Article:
3. I have been learning a new style of boxing the last 6 months or so. I thought I was comfortable enough to fight with it, but again, once the opening bell sounded, I discovered that I just wasn't comfortable enough to throw. I kept hesitating for an instant, but an instants hesitation in the ring and you've missed your window of opportunity.

    4. I was WAY TOO HYPER! In the hours leading up to my match, I could not get myself to calm down and relax! I followed my coaches instructions, and remained seated or laying down the whole time until I needed to warm up, but it wasn't enough. My heart was racing all afternoon. During my prefight medical evaluation, my systolic was over 140!!! (My blood pressure has always been normal when tested during normal evalulations) I don't even want to know what my heart rate was. I could feel my heart pounding! (my normal resting heart rate is 45 bpm). So, as you can imagine, by the time I stepped into the ring, I was EXHAUSTED, and I never caught that 2nd wind. I remember hoping for it to kick in during my fight, because I *really* needed it!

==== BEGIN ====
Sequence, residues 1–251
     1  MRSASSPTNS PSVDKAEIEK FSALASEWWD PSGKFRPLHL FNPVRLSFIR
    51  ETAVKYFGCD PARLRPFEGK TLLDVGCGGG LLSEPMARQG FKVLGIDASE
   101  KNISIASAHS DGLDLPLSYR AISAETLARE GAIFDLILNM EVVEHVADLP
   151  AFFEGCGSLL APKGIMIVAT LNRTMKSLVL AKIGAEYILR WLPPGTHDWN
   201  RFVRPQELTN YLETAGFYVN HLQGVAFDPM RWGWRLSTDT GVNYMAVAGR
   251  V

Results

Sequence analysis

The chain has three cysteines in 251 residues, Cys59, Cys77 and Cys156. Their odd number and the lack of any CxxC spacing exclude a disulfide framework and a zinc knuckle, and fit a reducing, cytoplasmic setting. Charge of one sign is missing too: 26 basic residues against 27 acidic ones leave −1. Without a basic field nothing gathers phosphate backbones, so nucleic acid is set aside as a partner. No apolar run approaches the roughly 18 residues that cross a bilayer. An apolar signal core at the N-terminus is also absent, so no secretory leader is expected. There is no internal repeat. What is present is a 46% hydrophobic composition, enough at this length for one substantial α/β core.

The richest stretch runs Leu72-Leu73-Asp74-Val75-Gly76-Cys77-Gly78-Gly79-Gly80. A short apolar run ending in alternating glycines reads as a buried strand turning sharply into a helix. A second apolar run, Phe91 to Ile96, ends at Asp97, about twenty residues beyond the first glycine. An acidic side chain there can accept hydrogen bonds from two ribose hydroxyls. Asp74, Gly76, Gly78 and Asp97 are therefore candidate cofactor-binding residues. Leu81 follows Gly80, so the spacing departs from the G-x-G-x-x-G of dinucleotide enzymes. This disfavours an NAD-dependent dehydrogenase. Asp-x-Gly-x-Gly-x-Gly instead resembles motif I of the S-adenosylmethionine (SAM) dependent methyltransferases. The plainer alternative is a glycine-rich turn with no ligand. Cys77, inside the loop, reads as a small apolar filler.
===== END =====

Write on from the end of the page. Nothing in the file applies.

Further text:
I think that all the above reasons play off of one another. It all boiled down to me just not having the confidence in what I was doing. I didn't "trust" my technique and was hesitating too much. Also, my opponent had GREAT lateral movement, which was throwing my rhythm and timing completely off! I just could NOT line up my shots or combo's. But like I said, he came in with the smarter game plan and stuck with it, which gave him the win.
     
  5. nicolo

    nicolo Valued Member

    wow, sounded like a close call, sorry to hear about that. Hey dun sweat it, there's always next time right?
    Was he more of a defensive counterfighter? Seems like he was more content with staying evasive and picking apart his opponents with nasty combos.
    Was he trying to squirm out of the clinch because he wasn't comfortable in it? Perhaps that was the key. He liked to hit and move and only fights back when pressed hard like in Round 1. Maybe he didn't like the clinch because he wasn't too comfortable in it and it was a weakness that might be exploited.

    Next fight, hehe charge into the ring like a raving lunatic. You might as well put that hyper-ness to good use.